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Last month, as a last organizing hoorah on campus (I’m graduating!), the Westminster Amnesty International chapter and I brought together a wonderful panel of women to highlight the incredible work that they and their respective NGOs are doing to combat violence against women, both here in Western Pennsylvania and globally.

On the panel were Jacqui Patterson, the amazing co-founder of Women of Color United (WOCU) and the director of the NAACP’s Climate Justice Initiative; Mary Day Kent, CARE’s Policy and Advocacy Coordinator for the Middle Atlantic region; and, for a local emphasis, Melissa Stellfox of the Lawrence County Crisis Shelter.

Speaking to an audience of around 60, Jacqui kicked things off with two clips from two great documentaries–No! The Rape Documentary and SASA!, which you can also find at WOCU’s webpage–that brought attention to the often perilous intersection between women of color, women infected with HIV/AIDS and women who are victims of systematic violence. Jacqui also told the stories of several women from the developing world, including Siri, “bringing the voices of women into the room”.

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This post is in response to fellow Regional Coordinator Erick Ford, who posted on this subject recently. Reference here.

Let’s be clear: we are not dependent on Middle Eastern oil. Say What?!?! Ok, name the three countries that export the most oil to the U.S. (hint: they’re not in the Middle East). They are, in this order, Canada, Mexico and Nigeria. In fact, in the top 10 there are only two countries in the Middle East (Iraq and Saudia Arabia). Thus, we get the clear majority of our oil from outside the Middle East.

I do, however, agree with Erick that America’s dependence on foreign sources of energy puts our national (energy) security at risk. But do we honestly believe that spending hundreds of millions on exploration and infrastructure to harness more oil are positive, forward-looking investments?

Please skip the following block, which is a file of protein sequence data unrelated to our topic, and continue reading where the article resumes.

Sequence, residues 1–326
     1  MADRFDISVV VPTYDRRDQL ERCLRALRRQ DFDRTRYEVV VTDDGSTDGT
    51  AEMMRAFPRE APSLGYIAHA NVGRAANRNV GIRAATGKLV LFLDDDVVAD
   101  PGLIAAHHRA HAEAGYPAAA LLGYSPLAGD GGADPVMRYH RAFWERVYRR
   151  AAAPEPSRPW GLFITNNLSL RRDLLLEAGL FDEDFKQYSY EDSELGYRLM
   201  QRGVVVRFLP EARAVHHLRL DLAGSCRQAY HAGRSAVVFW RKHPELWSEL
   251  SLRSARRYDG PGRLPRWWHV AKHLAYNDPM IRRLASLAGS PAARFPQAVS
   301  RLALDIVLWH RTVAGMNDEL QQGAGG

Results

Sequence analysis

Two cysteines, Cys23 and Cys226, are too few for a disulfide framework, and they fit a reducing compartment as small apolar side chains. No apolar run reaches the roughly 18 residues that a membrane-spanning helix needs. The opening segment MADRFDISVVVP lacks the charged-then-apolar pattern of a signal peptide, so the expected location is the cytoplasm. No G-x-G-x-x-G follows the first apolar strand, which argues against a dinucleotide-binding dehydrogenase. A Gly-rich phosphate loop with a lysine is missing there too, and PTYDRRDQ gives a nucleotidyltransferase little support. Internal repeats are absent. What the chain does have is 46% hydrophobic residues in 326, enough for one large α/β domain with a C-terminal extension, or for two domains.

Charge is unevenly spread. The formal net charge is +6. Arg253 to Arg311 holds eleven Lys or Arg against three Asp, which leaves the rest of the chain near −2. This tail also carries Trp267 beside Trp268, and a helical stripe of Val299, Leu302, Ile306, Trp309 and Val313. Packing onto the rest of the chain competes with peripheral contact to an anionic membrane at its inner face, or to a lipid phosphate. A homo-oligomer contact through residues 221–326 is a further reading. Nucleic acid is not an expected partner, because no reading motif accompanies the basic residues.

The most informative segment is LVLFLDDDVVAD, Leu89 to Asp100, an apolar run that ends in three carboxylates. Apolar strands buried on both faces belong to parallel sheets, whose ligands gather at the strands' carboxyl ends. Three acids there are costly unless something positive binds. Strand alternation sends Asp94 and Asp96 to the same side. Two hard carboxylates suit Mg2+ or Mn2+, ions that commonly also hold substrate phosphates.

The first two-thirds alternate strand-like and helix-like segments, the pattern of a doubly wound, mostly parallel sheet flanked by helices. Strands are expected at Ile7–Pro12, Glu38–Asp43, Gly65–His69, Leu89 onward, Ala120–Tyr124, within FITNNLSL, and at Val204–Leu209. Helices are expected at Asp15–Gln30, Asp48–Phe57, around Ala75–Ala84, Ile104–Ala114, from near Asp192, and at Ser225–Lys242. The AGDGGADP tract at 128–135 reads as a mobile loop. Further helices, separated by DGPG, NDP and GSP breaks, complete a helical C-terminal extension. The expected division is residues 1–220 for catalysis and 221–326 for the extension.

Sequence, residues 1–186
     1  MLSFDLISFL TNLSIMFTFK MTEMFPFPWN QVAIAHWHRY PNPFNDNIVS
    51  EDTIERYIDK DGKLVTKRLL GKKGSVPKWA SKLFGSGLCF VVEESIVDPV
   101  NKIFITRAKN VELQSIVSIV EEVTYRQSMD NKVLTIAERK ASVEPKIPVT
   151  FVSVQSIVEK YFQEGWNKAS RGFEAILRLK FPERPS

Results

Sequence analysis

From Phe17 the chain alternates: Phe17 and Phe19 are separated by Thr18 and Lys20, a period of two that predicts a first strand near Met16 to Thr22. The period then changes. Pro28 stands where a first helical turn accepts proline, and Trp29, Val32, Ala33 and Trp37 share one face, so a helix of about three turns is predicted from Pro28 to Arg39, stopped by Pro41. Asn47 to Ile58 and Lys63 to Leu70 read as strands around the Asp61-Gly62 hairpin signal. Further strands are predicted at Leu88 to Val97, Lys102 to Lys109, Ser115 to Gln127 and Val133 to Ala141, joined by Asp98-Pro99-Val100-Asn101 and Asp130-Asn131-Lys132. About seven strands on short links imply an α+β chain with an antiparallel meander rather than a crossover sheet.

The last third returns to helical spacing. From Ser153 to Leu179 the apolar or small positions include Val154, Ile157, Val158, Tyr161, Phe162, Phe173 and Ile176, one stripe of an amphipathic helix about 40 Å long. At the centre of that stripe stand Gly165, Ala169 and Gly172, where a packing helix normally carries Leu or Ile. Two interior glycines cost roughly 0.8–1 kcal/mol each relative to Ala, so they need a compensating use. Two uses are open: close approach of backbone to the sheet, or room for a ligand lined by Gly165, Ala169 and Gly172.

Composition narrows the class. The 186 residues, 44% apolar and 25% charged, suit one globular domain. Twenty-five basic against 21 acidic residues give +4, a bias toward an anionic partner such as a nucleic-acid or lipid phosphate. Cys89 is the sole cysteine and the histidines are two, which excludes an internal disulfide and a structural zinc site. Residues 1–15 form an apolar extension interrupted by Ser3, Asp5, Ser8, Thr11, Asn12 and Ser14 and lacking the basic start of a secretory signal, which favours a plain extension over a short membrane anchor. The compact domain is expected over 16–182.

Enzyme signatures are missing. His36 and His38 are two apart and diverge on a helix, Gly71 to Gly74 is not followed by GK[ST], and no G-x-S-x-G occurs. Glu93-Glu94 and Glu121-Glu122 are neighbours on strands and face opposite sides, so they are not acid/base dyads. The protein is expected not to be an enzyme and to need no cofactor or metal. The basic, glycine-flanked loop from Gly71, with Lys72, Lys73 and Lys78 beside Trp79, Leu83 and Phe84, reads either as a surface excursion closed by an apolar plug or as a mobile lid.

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In a bold, pre-sustainable development era move, the World Bank is pushing to finance a US$3.75 billion (rand 29 billion) project to establish a new coal plant in South Africa twice the size of the largest plant currently in Great Britain.

This project would be directed through Eskom, one of the largest suppliers of electricity to Africa (approximately 95% of South African electricity and 45% across the country), and incidentally one of the dirtiest and most resistant to clean, sustainable energies. And wait, it gets worse: Eskom had also, originally, planned a rate increases of 45% (!), but only a 25% increase was permitted by the South African government – which is still terrible.

Quick recap: the self-proclaimed sustainable development development agency, the World Bank, wants to loan the South African energy giant Eskom US$3.75 million to fund another dirty, out-of-fashion coal plant. W-O-W!

South Africa already emits more CO2 per capita than the UK and yet some 15% of its population remains unconnected to its energy grid. The SA government aims to reign in this portion of the populous with this new plant, but as a country rich in solar and wind potential, the largest funder of development assistance worldwide ought to be initiating development projects that will be sustainable, long-lasting endeavors, and not endanger South Africans present and future.

An African environmental group, Groundwork, has criticized the loan as “a bad project, contributing to energy poverty and environmental destruction.” This plant will only further pollute streams, destroy and pollute communities, and create an expensive mess the government will only be forced to cleanup years on down the line.

So, 350.org, one of the best, most cutting-edge progressive groups out there has launched a campaign, alongside 65 other indigenous groups in South Africa, to stop this ill-conceived development project.

Take action. Tell the World Bank “Clean Energy for South Africa, NOT Coal!”

Read more at www.AfricaAction.org

Cross-post from It’s Getting Hot in Here (IGHIH) by Jamie Henn, organizer with 350.org

Many, many thanks to all of you at IGHIH who took part in yesterday’s International Day of Climate Action from our tired-but-psyched, humbled, and completely blown-away 350.org crew. October 24 succeeded beyond our wildest imaginations — journalists are calling it the most widespread day of political action in history.